# Sum of squares of 2 non-commutating operators

Prof Adams does something rather strange, starting from 14:35 minutes in this lecture -- http://ocw.mit.edu/courses/physics/8-04-quantum-physics-i-spring-2013/lecture-videos/lecture-9/

He reminds us that for complex scalars, ##c^2+d^2=(c-id)(c+id)## and then proceeds to do the same with operators,

factorizing ##\frac{\hat{X}^2}{X_0^2}+\frac{\hat{P}^2}{P_0^2}##

in this way :

##=(\frac{\hat{X}}{X_0}-i\frac{\hat{P}}{P_0})(\frac{\hat{X}}{X_0}+i\frac{\hat{P}}{P_0})##

which he re-expands into a sum of squares plus a NON-ZERO commutator.

Is it not true that the identity he started with, i.e. ##c^2+d^2=(c-id)(c+id)## for complex scalars - is valid precisely when (and because) ##icd=idc##? So how does this apply to the operators where ##XP\ne{PX}## ?

Is it not true that the identity he started with, i.e. ##c^2+d^2=(c-id)(c+id)## for complex scalars - is valid precisely when (and because) ##icd=idc##?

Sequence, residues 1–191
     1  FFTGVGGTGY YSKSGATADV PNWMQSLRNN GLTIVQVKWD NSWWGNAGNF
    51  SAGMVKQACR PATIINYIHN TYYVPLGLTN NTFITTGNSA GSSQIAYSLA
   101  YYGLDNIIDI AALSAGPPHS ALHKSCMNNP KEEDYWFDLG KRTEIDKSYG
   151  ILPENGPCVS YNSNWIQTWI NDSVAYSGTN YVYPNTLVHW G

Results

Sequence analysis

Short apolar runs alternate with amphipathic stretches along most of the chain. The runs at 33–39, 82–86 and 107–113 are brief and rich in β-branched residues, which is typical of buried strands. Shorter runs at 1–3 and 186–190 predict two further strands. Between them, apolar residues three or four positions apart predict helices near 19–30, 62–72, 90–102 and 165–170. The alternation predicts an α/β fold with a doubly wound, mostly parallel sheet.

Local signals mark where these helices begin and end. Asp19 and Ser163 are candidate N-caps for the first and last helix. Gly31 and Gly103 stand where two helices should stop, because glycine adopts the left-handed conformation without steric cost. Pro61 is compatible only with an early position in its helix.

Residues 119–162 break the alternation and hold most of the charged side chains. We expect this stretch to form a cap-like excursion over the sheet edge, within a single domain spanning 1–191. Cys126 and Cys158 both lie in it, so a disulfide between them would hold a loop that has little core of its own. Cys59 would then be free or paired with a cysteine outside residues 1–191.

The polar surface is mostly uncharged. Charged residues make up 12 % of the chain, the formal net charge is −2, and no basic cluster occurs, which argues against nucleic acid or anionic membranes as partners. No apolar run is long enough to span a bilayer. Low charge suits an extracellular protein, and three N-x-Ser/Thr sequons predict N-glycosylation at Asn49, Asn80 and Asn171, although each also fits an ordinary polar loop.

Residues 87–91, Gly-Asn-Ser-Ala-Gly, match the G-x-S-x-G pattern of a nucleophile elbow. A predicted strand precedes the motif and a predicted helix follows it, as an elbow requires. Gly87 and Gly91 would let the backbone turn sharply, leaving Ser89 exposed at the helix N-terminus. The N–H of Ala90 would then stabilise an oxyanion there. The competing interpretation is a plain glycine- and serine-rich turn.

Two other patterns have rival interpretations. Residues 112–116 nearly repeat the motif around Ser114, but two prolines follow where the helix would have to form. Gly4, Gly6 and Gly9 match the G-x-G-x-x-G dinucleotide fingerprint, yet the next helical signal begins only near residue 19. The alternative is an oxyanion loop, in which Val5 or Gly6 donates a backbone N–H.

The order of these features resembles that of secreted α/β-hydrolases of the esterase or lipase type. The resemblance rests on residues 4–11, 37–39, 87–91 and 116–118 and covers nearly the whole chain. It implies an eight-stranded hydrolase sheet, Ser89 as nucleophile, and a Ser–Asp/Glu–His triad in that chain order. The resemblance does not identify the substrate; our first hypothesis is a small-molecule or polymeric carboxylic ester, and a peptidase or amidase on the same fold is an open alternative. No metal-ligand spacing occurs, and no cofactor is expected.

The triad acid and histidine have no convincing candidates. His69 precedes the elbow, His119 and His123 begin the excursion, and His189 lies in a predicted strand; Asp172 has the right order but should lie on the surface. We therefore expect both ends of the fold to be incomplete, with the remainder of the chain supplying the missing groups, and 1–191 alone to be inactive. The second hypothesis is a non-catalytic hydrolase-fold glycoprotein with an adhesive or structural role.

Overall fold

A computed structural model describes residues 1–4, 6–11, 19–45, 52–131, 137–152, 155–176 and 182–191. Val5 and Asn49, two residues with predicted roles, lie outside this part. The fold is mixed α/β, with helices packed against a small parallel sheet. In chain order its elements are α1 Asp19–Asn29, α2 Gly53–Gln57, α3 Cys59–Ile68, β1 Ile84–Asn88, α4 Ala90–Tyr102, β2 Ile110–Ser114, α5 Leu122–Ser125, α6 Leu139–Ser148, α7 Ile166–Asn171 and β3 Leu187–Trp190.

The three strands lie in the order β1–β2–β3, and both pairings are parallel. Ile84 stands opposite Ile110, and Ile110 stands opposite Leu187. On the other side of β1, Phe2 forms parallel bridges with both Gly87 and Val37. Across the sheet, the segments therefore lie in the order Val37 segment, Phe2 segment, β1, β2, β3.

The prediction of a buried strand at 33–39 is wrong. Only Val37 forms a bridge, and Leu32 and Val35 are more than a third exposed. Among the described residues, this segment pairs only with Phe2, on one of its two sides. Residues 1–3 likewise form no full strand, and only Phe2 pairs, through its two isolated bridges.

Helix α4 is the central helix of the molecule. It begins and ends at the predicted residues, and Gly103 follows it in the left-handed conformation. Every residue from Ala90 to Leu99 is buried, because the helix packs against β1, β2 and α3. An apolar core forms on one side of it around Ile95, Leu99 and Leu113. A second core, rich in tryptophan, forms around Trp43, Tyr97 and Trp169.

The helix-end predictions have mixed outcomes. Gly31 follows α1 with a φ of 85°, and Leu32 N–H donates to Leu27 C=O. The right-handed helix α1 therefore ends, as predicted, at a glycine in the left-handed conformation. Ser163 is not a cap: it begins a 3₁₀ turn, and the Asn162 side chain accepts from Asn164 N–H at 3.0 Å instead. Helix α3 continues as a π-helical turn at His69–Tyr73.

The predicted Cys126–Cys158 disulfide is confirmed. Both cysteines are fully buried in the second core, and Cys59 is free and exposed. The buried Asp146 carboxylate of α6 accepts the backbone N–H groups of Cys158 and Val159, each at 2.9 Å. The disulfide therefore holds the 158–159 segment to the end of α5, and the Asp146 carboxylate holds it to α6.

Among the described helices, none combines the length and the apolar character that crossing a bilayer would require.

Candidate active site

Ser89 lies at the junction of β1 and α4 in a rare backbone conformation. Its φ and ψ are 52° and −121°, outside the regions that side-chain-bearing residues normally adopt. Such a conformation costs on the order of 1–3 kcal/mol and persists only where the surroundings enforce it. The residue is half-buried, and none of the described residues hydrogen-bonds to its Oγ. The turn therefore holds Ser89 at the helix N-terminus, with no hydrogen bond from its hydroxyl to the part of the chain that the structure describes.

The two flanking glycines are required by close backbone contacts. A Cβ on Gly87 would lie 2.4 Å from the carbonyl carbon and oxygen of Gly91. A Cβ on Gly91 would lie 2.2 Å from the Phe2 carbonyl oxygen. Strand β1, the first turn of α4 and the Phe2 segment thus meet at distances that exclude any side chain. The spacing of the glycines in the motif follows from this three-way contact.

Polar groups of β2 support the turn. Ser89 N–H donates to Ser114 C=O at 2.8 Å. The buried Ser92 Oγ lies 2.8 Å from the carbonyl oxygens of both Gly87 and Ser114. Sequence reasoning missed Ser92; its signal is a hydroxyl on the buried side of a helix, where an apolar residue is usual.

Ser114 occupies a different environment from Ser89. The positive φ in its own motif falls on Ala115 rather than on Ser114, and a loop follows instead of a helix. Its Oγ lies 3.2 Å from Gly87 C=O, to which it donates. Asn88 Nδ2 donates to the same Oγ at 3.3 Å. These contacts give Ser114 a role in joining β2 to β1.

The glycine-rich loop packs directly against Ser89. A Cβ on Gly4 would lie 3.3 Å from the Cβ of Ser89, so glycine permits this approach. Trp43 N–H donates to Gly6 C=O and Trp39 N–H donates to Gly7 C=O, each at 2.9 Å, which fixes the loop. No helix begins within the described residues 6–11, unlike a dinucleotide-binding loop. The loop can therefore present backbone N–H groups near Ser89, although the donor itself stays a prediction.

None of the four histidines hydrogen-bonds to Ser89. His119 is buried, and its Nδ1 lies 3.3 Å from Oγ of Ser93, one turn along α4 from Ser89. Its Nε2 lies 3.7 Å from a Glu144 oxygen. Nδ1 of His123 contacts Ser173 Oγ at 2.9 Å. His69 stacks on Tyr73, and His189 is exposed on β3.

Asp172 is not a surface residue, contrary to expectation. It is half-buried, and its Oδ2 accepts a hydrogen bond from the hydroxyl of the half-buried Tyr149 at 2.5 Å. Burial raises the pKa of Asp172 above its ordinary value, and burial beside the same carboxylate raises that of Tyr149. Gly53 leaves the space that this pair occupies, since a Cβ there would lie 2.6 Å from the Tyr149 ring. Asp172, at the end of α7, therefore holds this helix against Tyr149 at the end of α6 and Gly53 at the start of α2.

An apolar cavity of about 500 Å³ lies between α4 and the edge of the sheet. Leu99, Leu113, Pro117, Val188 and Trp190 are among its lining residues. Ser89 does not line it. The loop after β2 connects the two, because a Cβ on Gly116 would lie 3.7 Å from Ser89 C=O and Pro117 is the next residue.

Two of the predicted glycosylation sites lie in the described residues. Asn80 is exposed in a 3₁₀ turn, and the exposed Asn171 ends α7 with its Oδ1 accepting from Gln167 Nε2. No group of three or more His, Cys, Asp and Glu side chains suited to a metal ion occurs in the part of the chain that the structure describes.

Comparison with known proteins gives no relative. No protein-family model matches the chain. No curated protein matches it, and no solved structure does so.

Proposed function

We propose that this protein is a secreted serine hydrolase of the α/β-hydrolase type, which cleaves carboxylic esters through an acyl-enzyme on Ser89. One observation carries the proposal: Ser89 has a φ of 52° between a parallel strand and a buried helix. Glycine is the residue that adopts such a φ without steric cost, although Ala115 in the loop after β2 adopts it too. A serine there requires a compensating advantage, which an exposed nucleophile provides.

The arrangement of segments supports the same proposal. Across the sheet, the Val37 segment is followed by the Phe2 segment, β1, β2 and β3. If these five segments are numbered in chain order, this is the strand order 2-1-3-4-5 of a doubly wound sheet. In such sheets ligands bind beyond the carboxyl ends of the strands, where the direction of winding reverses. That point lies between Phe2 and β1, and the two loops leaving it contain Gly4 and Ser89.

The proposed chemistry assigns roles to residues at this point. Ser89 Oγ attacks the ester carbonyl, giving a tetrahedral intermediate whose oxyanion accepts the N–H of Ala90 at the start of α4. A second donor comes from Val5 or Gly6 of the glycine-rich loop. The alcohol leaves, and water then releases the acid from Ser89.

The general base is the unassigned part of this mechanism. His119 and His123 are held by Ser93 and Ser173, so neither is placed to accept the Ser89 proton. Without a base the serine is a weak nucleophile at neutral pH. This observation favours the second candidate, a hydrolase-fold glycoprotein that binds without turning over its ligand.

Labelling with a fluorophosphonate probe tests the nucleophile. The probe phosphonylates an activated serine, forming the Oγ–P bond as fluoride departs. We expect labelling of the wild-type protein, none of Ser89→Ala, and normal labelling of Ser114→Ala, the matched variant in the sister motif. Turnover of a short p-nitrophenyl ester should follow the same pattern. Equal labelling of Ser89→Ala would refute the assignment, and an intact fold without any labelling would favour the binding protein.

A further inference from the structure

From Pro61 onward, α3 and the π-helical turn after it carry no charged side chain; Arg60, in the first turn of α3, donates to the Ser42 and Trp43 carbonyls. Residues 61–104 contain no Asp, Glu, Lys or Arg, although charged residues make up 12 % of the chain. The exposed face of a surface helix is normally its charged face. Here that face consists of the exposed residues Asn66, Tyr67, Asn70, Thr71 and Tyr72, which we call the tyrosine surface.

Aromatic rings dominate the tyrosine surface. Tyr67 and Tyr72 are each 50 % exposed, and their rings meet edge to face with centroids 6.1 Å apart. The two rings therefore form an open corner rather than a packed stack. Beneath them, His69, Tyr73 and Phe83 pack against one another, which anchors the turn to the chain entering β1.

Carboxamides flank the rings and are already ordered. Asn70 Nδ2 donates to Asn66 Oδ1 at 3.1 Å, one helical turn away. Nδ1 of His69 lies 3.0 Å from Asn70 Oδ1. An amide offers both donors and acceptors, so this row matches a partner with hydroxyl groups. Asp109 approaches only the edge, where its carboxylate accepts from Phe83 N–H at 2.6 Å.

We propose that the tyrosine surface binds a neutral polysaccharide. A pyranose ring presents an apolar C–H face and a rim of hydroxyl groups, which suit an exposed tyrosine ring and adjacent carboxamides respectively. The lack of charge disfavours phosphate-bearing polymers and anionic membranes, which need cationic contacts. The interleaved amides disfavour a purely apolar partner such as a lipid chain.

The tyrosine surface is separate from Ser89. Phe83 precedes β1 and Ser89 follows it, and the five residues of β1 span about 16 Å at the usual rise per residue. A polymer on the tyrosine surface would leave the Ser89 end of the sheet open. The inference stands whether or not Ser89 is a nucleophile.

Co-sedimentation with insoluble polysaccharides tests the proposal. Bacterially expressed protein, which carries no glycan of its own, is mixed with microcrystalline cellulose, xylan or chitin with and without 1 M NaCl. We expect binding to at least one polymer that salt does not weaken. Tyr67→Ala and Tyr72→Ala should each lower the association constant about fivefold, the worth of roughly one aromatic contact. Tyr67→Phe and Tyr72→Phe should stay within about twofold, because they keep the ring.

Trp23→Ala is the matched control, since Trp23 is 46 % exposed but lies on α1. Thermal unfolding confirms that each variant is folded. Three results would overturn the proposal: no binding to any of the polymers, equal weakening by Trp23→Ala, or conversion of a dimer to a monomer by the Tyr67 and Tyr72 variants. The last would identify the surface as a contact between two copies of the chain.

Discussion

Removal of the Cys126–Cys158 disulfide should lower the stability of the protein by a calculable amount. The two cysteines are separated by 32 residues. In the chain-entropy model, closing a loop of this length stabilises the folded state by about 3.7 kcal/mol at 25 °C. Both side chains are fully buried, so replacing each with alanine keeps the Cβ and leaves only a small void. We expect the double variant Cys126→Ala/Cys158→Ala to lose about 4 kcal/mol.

Of course, and this is exactly the reason why you get an additional commutator when you try to generalize this formula to non-commuting operators.

Thanks, but I'm still confused.

I'm not sure how you can equate/replace ##\frac{\hat{X}^2}{X_0^2}+\frac{\hat{P}^2}{P_0^2}##

with

##(\frac{\hat{X}}{X_0}-i\frac{\hat{P}}{P_0})(\frac{\hat{X}}{X_0}+i\frac{\hat{P}}{P_0})##

in the first place, when you know that the cross terms in the latter are not going to cancel?

Staff Emeritus
Thanks, but I'm still confused.

I'm not sure how you can equate/replace ##\frac{\hat{X}^2}{X_0^2}+\frac{\hat{P}^2}{P_0^2}##

with

##(\frac{\hat{X}}{X_0}-i\frac{\hat{P}}{P_0})(\frac{\hat{X}}{X_0}+i\frac{\hat{P}}{P_0})##

in the first place, when you know that the cross terms in the latter are not going to cancel?

They don't cancel, but the cross-terms are a constant. So:

$\frac{\hat{X}^2}{X_0^2}+\frac{\hat{P}^2}{P_0^2} = (\frac{\hat{X}}{X_0}-i\frac{\hat{P}}{P_0})(\frac{\hat{X}}{X_0}+i\frac{\hat{P}}{P_0}) + K$

You can work out what the constant $K$ is.

Thank you.